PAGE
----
World View

An annotated reading of your world.
Appears in Summer 2016 Issue: Our Built World: Some Assembly Required
June 1 st 2016

OUR PROTESTANT PROBLEM? | While certain media outlets still like to titter about "evangelical" support for Donald Trump, we now have fine-grained analysis that shows a more complicated reality. Those "evangelicals" who are enthusiastic about Trump share something in common with him: they are INOs, "in name onlys." That Trump is a RINO seems beyond dispute; and that his evangelical supporters are EINOs has been widely documented.

Though they self-identify as evangelical, they hardly ever attend worship or participate in the faith practices that would inoculate believers to Trump's xenophobia, misogyny, and irresponsible braggadocio. It would be hard to "live with" these Trump traits if you actually heard the Bible week after week, guided by the "curriculum" that is the lectionary, regularly confronted by God's concern for widows, orphans, and yes, aliens and strangers. If you kneel in confession each week, it's hard to tolerate the I'm-never-wrong hubris of the Trump PR machine. Self-proclaimed labels mean almost nothing. It's practice that matters.

But this itself is a puzzling phenomenon: the rise of nominal evangelicalism. How could a stream of Christianity associated with "born again" fervour, evangelistic earnestness, and strict moral observance become merely an identity—a name one wears like a logo on a T-shirt?

The answer to that question is much older than this election cycle. Indeed, it's almost as old as Protestantism itself. We do well to recall a bit of that history.

The Protestant Reformation was not only concerned about the doctrine of salvation; the Reformers were also critical of superstitious habits that had crept into late medieval Christianity, turning the sacraments into a kind of magic. Thus part of their reform movement was a renewed emphasis on the preaching of the Word, even though Reformers like Martin Luther and John Calvin still wedded this to a sacramental understanding of worship and the church. But others inherited this as a narrow fixation on doctrine, beliefs, and ideas, such that Protestant Christianity became a head-centred rendition of the faith. The gospel was flattened to something you believe, and "believing" came to be seen as intellectual assent to propositions.

In A Secular Age, the Canadian philosopher Charles Taylor describes this as a process of excarnation. In contrast to the message of incarnation—of God becoming embodied—at the heart of the New Testament, the story of modern Protestantism has been one of excarnation and disembodiment. This was Christianity reduced to a "message" for brains-on-a-stick.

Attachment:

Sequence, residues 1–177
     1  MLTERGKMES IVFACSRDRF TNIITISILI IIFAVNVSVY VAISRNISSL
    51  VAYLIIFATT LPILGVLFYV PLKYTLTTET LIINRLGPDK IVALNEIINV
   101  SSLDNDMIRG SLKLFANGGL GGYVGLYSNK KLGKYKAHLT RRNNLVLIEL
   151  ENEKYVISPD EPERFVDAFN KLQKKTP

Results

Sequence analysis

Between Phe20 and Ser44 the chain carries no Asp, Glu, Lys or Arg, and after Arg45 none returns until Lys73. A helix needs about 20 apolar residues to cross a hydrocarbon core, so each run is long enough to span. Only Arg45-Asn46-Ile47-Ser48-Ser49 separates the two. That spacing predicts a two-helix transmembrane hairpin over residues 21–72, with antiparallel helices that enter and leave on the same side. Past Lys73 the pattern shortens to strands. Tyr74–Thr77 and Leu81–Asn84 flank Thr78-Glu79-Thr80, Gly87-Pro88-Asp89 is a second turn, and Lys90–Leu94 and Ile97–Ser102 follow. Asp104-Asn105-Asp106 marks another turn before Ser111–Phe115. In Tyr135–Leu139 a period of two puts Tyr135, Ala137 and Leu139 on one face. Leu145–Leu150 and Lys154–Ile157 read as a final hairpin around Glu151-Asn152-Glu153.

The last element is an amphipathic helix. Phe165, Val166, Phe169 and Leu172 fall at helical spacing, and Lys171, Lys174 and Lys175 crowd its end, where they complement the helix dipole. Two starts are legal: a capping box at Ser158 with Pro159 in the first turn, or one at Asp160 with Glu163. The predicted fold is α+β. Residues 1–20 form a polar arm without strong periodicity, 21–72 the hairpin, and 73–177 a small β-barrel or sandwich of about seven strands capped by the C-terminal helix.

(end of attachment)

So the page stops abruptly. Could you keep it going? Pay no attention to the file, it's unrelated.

While never intended as such, you can see how this thinning out of Christianity from an embodied, sacramental way of life to a mere set of beliefs can then slide into a mere identity, sort of a badge of belief one wears to claim affiliation with a team. This isn't profession of faith or following Jesus; it is more like signalling your preferred brand. Of course, not everyone who wears a Chicago Bears jersey is a member of the team.

It also explains why you can say one thing and love something else altogether. Survey questions from Barna and Pew tend to ask, "What do you believe?" We have yet to come up with a survey that measures what we love. But our loves and longings aren't shaped by messages deposited into our intellectual receptacles. You can't think your way to holiness. That's why those EINOs who never attend worship or give themselves over to formative spiritual disciplines are in fact formed and shaped by the secular liturgies that give rise to Trumpian vices.

And in fact, this isn't only a Protestant problem: the Massachusetts primaries suggested that CINOs (Catholics in name only) also fell prey to the Trump temptation. In the late modern world, we're all Protestants of a sort.

You'll also find lots of CINOs on the left who happily, even proudly, demur from the social teaching of Rome.

Talking-head Christianity isn't enough to counter the deformative power of secular liturgies. Mere identification with a message does not centre you in Christ. You can't put out a fire in the belly by trucking water to the head. The disordered passions of Trumpism or revolutionary progressivism will only be supplanted by the habits of love, compassion, gentleness, and patience. And that takes practice.

As I've suggested in You Are What You Love, that's why more and more Protestants and evangelicals are looking to pre-Reformation resources for living out their faith (just like, it turns out, the early Reformers themselves). They are rediscovering ancient spiritual disciplines and embodied liturgies. They are turning back the habits of excarnation and embracing incarnational, habit-forming practices. They are realizing that evangelical Protestantism stands in need of reform, and the way to its renewal looks almost medieval.

MEMORY AND PLACE | Memory, Proust taught us, is triggered by the sensory—a smell, a song, a slant of light that throws us back to a teenaged summer day on the beach or the autumnal chill of a hospital room. For Proust it was the soppy scent of his petite madeleine, dipped in tea like eucharistic intinction, that brought his childhood rushing back. His nose took him home across time.

Is it less Proustian if I say a recent trip to the dump did the same thing for me? This lacks the charm of little Marcel's teacup, but it carries all the charge of memory and place. As I drove along the bumpy curves of Butterworth Street to the outskirts of town, past gypsum mines and eroded, ancient sand dunes, the familiar smells of spring took me, not elsewhere, but right here—to this place as, finally, my place.